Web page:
This site/blog explains everything about Raynaud's Phenomenon in normal human language,
no sophisticated and scientific words, but everything discussed here have a scientific base.

This blog is created, in the hope that it will help the people affected by this disease.
Kindly use "Index" for a better experience. (Given on right hand side.)

Monday, September 12, 2011

What Happens in Raynaud's Phenomenon?

When our body is exposed to cold temperatures, our body starts to loose heat through fingers, and toes (and in some cases through earlobes and nose as well) (these organs are called as "extremities" in nerd-speak).
Once they start to loose heat, they become cold, because of this coldness, the vessels from these particular area starts to constrict ("vasoconstriction" in nerd-speak).


Once the vessels are reduced in size, obviously the blood flow decreases.
And that's why, the skin turns pale or white, cuz of lack of blood.
And that's why, this Raynaud's thingy is sometimes referred as white finger or wax finger.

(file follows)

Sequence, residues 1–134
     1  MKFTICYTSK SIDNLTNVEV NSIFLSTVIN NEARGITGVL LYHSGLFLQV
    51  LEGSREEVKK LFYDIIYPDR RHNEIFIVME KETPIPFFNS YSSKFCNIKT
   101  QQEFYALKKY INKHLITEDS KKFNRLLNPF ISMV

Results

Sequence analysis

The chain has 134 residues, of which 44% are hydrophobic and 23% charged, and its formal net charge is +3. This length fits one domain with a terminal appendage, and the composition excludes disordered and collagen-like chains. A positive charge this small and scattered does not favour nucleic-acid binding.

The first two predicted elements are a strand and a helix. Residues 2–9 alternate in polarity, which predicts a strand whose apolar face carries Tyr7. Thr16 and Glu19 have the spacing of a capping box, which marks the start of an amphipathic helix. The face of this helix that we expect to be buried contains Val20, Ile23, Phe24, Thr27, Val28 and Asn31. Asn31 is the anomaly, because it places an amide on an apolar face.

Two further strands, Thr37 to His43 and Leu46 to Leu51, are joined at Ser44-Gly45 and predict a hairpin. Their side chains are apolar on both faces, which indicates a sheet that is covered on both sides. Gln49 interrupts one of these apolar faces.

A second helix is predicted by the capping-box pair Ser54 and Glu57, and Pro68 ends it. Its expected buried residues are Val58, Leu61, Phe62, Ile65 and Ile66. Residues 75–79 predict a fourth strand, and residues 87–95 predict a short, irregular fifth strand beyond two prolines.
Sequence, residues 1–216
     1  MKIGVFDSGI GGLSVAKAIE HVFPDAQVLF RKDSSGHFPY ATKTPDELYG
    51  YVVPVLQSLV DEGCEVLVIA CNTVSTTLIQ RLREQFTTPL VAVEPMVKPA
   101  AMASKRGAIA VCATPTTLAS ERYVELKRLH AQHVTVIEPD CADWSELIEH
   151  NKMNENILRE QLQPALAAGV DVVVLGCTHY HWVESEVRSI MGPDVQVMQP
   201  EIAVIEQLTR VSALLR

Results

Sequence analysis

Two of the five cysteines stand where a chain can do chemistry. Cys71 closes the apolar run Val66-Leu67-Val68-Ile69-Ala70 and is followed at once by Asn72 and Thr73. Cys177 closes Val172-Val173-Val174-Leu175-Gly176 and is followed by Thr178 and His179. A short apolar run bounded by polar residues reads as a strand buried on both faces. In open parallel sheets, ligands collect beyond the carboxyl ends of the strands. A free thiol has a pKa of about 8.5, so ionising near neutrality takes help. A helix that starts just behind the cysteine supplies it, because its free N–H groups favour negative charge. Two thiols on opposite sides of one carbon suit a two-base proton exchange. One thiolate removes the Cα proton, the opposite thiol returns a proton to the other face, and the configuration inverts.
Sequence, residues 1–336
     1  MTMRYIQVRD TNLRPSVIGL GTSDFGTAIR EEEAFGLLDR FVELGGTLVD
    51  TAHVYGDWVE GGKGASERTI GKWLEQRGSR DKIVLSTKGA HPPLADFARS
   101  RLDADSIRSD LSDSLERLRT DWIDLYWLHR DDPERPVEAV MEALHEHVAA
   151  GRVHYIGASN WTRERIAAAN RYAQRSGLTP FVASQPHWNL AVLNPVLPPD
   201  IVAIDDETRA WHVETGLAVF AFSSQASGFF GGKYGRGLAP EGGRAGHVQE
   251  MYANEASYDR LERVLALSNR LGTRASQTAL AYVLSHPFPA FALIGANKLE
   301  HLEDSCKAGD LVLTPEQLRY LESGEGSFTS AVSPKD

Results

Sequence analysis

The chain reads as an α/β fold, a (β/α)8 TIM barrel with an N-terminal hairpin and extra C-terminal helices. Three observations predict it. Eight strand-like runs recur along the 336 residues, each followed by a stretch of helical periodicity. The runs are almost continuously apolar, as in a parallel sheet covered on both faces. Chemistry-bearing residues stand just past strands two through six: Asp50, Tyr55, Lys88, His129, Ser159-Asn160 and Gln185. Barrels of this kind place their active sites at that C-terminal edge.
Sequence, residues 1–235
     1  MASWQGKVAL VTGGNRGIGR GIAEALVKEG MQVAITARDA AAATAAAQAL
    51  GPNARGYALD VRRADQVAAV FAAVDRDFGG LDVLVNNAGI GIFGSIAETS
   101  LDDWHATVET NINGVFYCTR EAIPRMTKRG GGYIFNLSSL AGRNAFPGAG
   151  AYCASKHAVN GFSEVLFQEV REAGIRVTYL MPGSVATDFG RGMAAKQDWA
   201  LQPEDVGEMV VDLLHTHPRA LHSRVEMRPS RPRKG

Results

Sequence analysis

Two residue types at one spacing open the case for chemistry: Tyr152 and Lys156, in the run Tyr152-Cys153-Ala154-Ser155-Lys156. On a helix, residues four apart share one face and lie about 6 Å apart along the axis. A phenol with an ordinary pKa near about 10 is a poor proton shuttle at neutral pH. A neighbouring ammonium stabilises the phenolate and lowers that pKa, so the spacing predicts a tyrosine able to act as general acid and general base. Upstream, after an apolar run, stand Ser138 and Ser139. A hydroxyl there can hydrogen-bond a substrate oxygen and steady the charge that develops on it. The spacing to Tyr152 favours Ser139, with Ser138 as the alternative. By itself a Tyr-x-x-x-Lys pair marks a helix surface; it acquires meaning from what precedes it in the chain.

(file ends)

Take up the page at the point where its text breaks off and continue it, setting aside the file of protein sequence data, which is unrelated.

After a few moments
(Or if the vasoconstriction takes place more severely in a little time), as the blood-flow has been decreased, our tissues, from respective organs, don't get enough oxygen.
So, the nails and/or skin nearing the nails turns blue in colour
(hypoxia, and cyanosis - you know in whose language).
In sever cases, (or in extreme cold atmosphere), the blood/oxygen supply decreases markedly,
this lack of oxygen causes tingling feeling to move on to to become painful feeling.


When the blood-vessels (arterioles) relax (dilate), and blood returns to the affected area, redness (rubor) may occur.
Sometimes when the blood flow returns, it might pain a little.
Because, when our fingers are discoloured, they are cold and when they get a sudden increased supply of blood, the fingers get suddenly warm.

All this scenario usually takes place within seven to ten minutes.
But required time can vary depending on the severity of vasoconstriction.

Warm Regards,
Kiran Nayak :-)

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